As the expert in our team on Machine Learning, which is all about making predictions from data, Harry has asked me to make some predictions for 2016. For this article, however, I’ll be relying on my experience and not an API built from a neural network!
Prediction 1: Machine learning is a good place to start
Arthur C Clarke once made the remark that any sufficiently advanced technology is like magic, but I would suggest that in 2016 some of this technology will disappear by just being ordinary and common place.
Let me give you an example – in 2001: A Space Odyssey, the on board computer HAL recognises Dr Bowman and says hello. It has taken a little longer, but Windows 10 has Hello which will log you in by recognising your face. This took a little longer not because recognising a face from pictures is hard, but because it works from a 3D camera so Windows knows your face by its depth of features and won’t accept a picture of you.
So what if you want to embed this sort of intelligence in your own applications?
Prediction 2: 2016 will be the year of R
R, the universal language for machine learning across all platforms that will be coming to you in SQL Server 2016, in Power BI, and in Visual Studio at some point. R is not only set based like SQL is, but has very rich and extensible functions for statistics and it can plot results:
Some data about Bill Gates…
A tiny bit of R…
img = maml.mapInputPort(1)
img_rgb = rgb(img$R, img$G, img$B, maxColorValue = 255)
dim(img_rgb) = c(160,160)
And here’s Bill as a 160x 160 plot of that data:
Prediction 3: The importance of APIs
API’s will become ever more important as a way of stitching services together without exposing the code and data behind an application which is a good thing because it limits what data we choose to share (subject to the APIs being secure of course)
Prediction 4: Less of a prediction, more of a hope
I hope U-SQL will take off. In a world of many computer languages and technologies, particularly around big data, you might wonder how another one can make a difference, but actually that diversity indicates that there is no killer language for big data. So U-SQL is Microsoft’s attempt at getting past the problems of architecting and executing process to run against big data by doing nothing more than combining C# and SQL. C# is there to describe the data which is then analysed using familiar SQL.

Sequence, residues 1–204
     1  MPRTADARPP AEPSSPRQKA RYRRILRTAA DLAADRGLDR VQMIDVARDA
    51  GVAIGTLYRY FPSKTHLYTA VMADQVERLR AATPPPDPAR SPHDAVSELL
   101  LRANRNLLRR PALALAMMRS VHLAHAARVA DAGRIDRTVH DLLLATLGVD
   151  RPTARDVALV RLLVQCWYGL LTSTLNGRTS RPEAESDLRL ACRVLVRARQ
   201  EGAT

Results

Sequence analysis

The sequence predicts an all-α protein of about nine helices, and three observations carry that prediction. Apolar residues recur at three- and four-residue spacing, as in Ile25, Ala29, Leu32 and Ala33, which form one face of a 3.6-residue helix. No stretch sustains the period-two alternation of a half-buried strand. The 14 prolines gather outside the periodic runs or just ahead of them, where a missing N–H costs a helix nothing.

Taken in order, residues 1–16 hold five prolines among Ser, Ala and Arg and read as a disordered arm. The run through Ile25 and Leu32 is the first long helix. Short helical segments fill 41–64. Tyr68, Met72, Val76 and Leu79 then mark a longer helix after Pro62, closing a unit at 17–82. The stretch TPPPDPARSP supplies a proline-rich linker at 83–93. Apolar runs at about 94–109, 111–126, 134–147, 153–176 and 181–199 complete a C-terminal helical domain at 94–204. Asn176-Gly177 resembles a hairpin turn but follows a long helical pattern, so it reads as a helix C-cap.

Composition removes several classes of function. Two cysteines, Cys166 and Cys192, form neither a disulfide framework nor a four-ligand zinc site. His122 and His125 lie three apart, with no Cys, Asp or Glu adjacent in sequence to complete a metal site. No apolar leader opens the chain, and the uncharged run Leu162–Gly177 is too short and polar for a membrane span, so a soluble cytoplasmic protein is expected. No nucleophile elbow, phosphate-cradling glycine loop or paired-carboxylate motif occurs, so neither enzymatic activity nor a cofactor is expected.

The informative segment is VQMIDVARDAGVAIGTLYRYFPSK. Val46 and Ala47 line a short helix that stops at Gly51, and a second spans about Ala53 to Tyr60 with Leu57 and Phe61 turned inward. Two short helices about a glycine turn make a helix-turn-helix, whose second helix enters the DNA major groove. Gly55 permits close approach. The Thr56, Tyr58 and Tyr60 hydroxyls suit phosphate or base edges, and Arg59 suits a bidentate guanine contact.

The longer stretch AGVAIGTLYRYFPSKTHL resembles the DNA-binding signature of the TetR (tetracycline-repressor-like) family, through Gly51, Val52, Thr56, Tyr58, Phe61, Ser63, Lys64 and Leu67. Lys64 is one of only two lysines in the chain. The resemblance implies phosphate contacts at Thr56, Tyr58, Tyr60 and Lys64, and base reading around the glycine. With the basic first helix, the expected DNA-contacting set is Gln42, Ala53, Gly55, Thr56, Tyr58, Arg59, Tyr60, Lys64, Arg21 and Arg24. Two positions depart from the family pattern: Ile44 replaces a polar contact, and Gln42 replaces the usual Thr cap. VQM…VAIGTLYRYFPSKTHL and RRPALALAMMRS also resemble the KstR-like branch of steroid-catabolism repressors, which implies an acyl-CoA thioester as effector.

Prediction 5: More integration and better tooling in the Cortana Analytics Suite
Following on from U-SQL, I think we’ll also see more integration and better tooling in the Cortana Analytics Suite. If you haven’t read up on this, it’s a collection of data related online services in Azure and Office 365 (PowerBI). Many of these, however, were developed independently and so what we will see in 2016 is the integration and extension of these services. Actually this is part of a continuing program, for example Stream Analytics can now call Machine Learning in line. Also, Azure Data Factory (ADF) is already aware of Azure Data Lake (ADL). Next year, however, we’ll see even more improvements to this and to the tooling to make it easier and more agile. For example, ADF is still very code heavy and so everything needs to be hand crafted in json. While we now have nice ADF templates and solutions in Visual Studio, it has not got the simple to use drag and drop UI that we have in SQL Server Integration Services Informatica. I understand that this will change, but I don’t know when or to what. We’ll also see the launch of SQL Server 2016 and this is also an example of integration, both with R and with Hadoop via the Polybase technologies.
Oh and another example that just landed in my inbox a dedicated VM in the Azure gallery for Data Science.
Prediction 6: Human learning
Cortana is maturing to the point where there will be Microsoft certifications in this space, but this brings challenges as learning materials and the exams need to keep pace with new developments. What I can say for sure is I am trying out the beta exams in January and will keep you posted.
Prediction 7: SQL Bits
If you are serious about your data driven career, I’ll be seeing you at SQLBits on 4-7th May in Liverpool. And if not, at a SQL Relay, Saturday evening or something in 2016.